Center for Faith and Vocation

Staff ~ Answering the Call

Judith Cebula, Director ~ Show Information

September 2005

I think often about the path that led me to journalism, then to Butler University, especially when I ask students here 'What do you care about? What matters to you? What do you believe in?' Reflecting on their convictions, I ask myself the same questions. Their stories lead me to answers, to the mystery of what brought me to journalism, through it, then to a university.

Journalism was a choice born of pragmatism - not unlike the genesis of the career choices of many of the students I know. When I was 17, preparing for college, I started to imagine my adulthood and wondered how I would take care of myself. I could write. That much I knew. And I had always found the stories of real places and real people interesting. It seems that I knew early on that the variety of these stories was inherently valuable and therefore good. I remember my father, a historian and teacher by his own training, telling stories about the coal mining town in eastern Pennsylvania where he grew up and about the old neighborhoods across Cincinnati where I was growing up. He told stories about working people - miners and migrant farm workers - but also about old houses and their architecture, about the river - the Ohio River - its barges and boats and the little towns along the banks.

So when I became a journalist it was because I thought the work could sustain me in salary and a health plan. It did. But it also nourished my need for stories. In that work I met the First Amendment head on, the idea that freedom of speech, freedom of the press and of religion was part of a sacred trust among citizens. It seemed to validate my belief that stories and ideas and beliefs in all their diversity were important. In its purist possible form, newspaper journalism cherishes this ideal above all others even as its commitment to truth, its promise of non-bias and its efforts to resist greed often falter. I could do this work, I thought, even when the profession compromised itself in these areas because it still valued inclusion, pluralism, openness - the idea that everyone has a potentially magnificent story to tell.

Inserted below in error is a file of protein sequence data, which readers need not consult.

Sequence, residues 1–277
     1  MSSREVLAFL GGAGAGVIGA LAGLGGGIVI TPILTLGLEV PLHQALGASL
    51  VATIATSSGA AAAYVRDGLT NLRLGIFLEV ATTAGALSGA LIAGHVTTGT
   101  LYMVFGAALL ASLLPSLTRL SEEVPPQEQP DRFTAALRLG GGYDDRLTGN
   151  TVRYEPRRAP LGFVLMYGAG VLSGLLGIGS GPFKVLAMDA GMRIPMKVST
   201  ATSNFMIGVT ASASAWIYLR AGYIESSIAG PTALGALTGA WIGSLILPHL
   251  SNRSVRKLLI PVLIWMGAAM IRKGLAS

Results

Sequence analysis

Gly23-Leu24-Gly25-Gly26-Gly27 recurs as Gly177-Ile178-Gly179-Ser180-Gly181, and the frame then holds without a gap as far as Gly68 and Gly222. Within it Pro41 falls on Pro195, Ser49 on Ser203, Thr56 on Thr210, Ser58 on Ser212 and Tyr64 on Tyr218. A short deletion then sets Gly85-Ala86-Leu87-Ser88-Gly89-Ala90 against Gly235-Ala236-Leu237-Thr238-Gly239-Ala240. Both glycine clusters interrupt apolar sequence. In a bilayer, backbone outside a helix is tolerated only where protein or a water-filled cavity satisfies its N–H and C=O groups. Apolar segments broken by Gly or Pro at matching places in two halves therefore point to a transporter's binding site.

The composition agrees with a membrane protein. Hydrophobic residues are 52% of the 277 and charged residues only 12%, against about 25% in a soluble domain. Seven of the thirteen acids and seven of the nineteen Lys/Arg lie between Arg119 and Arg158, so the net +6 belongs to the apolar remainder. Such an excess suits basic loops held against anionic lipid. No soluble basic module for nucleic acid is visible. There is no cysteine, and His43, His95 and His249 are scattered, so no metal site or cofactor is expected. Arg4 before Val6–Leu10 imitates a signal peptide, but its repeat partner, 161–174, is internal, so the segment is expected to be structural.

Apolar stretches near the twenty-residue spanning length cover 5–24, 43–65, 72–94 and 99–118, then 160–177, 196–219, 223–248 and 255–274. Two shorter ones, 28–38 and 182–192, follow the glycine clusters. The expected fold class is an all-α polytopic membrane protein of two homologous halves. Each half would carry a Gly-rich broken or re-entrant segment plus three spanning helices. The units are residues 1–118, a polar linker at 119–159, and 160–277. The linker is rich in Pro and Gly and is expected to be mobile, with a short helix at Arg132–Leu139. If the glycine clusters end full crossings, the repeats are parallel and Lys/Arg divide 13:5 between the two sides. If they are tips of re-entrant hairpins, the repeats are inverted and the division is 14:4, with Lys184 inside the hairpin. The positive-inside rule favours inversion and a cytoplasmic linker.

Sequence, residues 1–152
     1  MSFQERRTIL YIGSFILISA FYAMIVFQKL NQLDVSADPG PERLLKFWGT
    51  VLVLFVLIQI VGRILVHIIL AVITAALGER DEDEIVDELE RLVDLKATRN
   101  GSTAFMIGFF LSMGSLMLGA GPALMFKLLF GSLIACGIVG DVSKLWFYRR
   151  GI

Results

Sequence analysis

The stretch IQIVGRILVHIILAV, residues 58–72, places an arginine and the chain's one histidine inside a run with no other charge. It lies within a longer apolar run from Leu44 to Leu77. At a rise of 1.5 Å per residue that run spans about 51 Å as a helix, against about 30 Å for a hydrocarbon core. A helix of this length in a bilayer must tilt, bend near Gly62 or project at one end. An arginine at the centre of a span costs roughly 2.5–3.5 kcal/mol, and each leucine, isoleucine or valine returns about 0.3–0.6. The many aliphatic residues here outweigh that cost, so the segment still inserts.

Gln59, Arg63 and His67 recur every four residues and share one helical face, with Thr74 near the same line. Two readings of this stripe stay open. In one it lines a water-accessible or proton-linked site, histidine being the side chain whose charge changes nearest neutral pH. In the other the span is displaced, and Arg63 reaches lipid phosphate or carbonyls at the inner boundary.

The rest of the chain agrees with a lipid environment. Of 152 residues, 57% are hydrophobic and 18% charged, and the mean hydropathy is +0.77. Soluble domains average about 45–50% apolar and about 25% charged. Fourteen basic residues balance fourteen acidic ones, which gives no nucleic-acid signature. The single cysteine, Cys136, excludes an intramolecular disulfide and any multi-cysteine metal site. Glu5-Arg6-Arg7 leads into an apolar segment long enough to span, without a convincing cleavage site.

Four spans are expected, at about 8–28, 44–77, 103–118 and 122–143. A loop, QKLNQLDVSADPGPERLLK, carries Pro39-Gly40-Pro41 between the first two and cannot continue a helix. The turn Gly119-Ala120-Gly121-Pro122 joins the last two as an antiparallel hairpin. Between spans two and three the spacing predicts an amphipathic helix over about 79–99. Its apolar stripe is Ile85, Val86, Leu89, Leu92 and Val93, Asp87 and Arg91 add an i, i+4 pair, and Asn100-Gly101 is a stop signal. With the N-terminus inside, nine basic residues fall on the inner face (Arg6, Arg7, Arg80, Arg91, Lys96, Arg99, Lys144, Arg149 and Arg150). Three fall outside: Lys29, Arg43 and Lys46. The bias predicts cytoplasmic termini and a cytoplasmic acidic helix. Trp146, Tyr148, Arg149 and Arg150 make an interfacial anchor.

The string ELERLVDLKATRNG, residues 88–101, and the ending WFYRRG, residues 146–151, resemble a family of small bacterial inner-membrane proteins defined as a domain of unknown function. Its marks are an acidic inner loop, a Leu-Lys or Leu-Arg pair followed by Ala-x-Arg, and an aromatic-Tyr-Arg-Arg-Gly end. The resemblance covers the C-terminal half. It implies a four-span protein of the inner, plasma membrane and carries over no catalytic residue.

This view of the profession parallels my experience with religion. The "big tent" church of the Second Vatican Council, the reform movement in Catholicism, was all I knew of Christianity as a child. My mother, a devout and devoutly open-minded, Catholic, had made sure of that. She reared me and my sister in the faith by finding an ethnically diverse and theologically generous Catholic parish in urban Cincinnati. Only years later did I learn that that community, St. Mark Catholic Church, was technically a Black parish. I never knew because the young priest was white, a handful of very old parishioners were white and we were white. So what if most of the people in the pews and just about everyone in the parish school were Black? All I saw was a community of faith that welcomed me and embraced a faith in Jesus that knew no fear of the other.